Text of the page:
Few television viewers think twice about the on-screen programme guide they use to change channels, but it has been the subject of a fierce court battle which could have repercussions around Europe.
A High Court judge ruled in favour of Virgin Media less than two weeks ago following a patent- infringement case brought by the electronic programme guide (EPG) group, Gemstar, a division of Rovi Corporation in the US.
Gemstar brought the action in January 2008 over the interactive on-screen menu Virgin used on its TV service, saying it had infringed three patents. They included the presentation of the guide in a grid, with channels on one axis and times on another. It had also patented the "favourites" function on the guide.
The patents were, however, found to be invalid in English law because they lacked novelty, and the presentation of information cannot be patented. The UK media group had been using its electronic guide since the 1990s. EPGs have become increasingly important to broadcasters and viewers in the digital era as the number of channels has soared.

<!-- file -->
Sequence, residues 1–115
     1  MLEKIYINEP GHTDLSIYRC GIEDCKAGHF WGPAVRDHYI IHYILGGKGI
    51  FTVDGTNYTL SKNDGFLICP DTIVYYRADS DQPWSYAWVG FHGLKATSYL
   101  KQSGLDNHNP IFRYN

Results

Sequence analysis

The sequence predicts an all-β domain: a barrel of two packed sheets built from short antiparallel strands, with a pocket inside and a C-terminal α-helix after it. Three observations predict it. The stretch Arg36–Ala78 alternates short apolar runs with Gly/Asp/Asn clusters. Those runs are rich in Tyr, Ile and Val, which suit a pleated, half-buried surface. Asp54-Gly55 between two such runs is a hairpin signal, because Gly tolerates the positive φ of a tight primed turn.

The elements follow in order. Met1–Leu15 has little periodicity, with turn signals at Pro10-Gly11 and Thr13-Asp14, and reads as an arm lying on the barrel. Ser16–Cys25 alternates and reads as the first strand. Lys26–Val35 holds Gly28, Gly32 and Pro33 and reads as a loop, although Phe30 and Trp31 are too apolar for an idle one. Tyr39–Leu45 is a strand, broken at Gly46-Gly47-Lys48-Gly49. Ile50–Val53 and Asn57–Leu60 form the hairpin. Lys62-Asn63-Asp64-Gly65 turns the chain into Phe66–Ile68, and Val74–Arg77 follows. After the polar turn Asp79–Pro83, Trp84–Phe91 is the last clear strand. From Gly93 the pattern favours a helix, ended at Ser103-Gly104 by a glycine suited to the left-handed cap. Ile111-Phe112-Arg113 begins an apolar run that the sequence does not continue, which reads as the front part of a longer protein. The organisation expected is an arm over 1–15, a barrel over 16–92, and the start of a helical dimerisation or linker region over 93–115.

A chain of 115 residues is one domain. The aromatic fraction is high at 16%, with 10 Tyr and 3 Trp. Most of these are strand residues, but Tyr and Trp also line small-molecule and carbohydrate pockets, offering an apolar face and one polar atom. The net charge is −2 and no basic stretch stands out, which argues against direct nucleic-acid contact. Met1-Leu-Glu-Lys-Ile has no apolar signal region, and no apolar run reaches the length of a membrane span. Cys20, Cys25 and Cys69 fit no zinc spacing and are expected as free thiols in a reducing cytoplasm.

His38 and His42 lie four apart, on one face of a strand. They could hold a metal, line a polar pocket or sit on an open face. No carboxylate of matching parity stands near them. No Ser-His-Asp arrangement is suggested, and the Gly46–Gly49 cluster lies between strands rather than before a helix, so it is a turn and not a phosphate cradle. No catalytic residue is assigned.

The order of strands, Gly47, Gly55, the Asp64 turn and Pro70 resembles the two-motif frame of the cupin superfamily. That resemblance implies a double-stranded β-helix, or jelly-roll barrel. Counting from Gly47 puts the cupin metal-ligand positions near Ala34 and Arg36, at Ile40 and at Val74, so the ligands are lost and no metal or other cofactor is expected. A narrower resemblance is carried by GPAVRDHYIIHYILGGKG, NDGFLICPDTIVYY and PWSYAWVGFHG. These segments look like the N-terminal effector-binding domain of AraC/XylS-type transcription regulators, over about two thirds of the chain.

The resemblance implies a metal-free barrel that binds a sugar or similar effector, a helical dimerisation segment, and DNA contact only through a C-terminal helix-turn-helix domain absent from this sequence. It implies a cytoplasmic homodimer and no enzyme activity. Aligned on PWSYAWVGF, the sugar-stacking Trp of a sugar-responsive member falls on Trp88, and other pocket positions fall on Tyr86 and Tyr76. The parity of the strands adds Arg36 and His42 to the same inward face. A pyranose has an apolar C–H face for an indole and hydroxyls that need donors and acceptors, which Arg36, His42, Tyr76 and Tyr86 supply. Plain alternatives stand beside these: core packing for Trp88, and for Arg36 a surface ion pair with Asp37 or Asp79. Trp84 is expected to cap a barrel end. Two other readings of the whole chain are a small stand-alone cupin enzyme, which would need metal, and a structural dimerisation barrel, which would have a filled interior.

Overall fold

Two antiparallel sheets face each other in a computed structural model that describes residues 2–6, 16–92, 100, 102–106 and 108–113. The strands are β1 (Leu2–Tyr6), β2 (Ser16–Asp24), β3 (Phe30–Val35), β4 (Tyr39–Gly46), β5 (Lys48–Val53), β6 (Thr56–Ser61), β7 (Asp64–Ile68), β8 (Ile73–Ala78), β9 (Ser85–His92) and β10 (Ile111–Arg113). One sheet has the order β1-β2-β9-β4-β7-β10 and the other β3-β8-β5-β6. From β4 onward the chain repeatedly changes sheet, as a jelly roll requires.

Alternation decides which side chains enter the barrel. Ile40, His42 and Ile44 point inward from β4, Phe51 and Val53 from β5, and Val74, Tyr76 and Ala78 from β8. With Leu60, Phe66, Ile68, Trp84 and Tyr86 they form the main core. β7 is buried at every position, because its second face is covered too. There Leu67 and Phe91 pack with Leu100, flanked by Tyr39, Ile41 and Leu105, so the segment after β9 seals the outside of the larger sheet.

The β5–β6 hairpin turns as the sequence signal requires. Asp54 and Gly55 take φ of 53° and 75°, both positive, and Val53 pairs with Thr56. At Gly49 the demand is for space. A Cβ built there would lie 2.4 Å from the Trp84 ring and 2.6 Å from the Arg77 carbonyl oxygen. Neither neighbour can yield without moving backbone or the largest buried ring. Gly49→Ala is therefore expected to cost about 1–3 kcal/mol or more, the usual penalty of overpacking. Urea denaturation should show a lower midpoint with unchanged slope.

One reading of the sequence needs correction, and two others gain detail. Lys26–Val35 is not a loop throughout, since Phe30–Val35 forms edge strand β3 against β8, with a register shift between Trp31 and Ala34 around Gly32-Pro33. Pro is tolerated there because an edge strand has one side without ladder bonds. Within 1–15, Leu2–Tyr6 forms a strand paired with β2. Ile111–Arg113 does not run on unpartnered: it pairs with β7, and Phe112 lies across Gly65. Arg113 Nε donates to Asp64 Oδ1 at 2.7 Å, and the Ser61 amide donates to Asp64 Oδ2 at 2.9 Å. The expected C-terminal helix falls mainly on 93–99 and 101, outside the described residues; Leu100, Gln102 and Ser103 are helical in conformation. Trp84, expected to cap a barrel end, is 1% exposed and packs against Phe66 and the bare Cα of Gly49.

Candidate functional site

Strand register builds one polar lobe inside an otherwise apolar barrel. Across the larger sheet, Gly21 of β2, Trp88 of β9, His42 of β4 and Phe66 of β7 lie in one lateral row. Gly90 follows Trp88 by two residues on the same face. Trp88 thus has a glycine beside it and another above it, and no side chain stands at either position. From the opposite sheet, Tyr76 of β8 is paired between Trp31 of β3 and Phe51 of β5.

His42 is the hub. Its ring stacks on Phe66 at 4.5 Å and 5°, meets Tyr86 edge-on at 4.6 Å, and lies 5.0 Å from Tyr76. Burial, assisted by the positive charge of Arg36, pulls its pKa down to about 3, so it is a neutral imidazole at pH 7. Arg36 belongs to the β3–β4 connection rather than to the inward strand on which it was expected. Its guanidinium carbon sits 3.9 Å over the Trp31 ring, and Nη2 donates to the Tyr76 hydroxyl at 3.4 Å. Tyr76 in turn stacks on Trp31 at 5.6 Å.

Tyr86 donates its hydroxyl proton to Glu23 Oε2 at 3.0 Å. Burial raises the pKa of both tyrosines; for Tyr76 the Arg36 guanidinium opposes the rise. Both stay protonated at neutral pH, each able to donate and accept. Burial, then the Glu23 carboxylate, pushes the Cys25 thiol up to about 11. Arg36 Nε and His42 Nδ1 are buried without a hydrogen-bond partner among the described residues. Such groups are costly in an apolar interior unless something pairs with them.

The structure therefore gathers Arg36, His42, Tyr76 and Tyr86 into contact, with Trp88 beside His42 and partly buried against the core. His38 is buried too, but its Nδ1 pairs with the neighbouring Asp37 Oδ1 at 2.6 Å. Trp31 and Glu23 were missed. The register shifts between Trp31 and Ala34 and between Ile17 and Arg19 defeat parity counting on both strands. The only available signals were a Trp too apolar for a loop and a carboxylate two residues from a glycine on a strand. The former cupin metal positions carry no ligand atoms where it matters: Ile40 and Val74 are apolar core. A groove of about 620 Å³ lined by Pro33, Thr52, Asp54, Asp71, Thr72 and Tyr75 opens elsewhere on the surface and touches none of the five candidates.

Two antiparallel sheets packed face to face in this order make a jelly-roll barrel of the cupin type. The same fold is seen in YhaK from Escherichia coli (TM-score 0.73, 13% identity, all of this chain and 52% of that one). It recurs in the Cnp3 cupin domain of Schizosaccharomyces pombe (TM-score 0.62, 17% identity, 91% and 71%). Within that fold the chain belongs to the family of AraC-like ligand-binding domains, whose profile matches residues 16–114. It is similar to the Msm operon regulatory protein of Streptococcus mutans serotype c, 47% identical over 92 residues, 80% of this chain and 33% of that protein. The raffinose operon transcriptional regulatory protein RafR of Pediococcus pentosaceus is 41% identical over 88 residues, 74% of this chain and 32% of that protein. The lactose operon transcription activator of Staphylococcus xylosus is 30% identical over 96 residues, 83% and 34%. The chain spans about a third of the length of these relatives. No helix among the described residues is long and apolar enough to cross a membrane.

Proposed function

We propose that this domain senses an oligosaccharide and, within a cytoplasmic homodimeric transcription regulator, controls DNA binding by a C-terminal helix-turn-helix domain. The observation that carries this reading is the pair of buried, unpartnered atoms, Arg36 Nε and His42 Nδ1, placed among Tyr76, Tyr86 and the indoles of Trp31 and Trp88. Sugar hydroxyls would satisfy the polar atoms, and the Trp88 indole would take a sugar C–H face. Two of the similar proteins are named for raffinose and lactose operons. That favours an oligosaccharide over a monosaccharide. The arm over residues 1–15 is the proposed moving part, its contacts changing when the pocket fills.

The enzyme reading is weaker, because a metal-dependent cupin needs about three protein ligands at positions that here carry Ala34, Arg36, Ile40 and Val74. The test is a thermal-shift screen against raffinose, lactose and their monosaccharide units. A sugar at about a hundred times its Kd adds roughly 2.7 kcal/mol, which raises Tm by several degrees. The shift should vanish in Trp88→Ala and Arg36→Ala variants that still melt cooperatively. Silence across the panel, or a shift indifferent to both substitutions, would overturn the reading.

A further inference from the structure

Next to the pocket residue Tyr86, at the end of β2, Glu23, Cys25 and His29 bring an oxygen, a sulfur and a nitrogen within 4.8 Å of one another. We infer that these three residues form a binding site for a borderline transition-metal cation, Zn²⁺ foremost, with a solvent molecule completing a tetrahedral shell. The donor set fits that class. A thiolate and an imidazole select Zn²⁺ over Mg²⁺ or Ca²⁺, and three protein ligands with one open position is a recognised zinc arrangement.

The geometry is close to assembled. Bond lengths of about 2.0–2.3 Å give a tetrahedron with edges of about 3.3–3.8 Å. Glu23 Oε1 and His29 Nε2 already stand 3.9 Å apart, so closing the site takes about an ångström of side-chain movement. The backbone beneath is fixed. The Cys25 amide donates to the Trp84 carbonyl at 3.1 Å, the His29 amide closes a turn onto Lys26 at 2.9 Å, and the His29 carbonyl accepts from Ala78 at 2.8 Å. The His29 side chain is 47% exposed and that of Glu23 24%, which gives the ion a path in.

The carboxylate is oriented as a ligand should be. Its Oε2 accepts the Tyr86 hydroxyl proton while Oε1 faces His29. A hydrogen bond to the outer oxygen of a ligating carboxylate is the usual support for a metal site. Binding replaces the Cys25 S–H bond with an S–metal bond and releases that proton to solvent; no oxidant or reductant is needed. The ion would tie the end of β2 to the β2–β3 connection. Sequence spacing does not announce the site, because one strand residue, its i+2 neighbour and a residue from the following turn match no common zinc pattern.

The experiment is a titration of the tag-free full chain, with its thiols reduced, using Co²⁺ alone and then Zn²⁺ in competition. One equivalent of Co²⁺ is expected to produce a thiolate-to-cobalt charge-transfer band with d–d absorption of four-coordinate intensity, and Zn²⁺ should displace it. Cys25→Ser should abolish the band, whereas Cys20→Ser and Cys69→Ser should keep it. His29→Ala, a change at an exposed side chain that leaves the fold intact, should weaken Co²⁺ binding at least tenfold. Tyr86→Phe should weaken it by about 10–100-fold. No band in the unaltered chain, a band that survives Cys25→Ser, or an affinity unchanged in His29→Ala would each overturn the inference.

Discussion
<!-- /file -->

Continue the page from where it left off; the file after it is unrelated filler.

William Cook, the patent litigator representing Virgin Media, said it was "a significant result", adding it would "no doubt, have a big impact around the industry".
The broadcaster had always maintained the claim was "flagrant opportunism". But Samir Armaly, the senior vice-president of worldwide patent licensing for Rovi, said: "We strongly disagree with the court's ruling on the validity issues, and intend to appeal the decision. We also intend to continue to pursue Virgin for their infringement of our intellectual property, to join the numerous companies who have already taken licenses to our patents."
The judge, Mr Justice Mann, will set the costs for the case later this month, at which stage a decision will be made on the right to appeal.Reuse content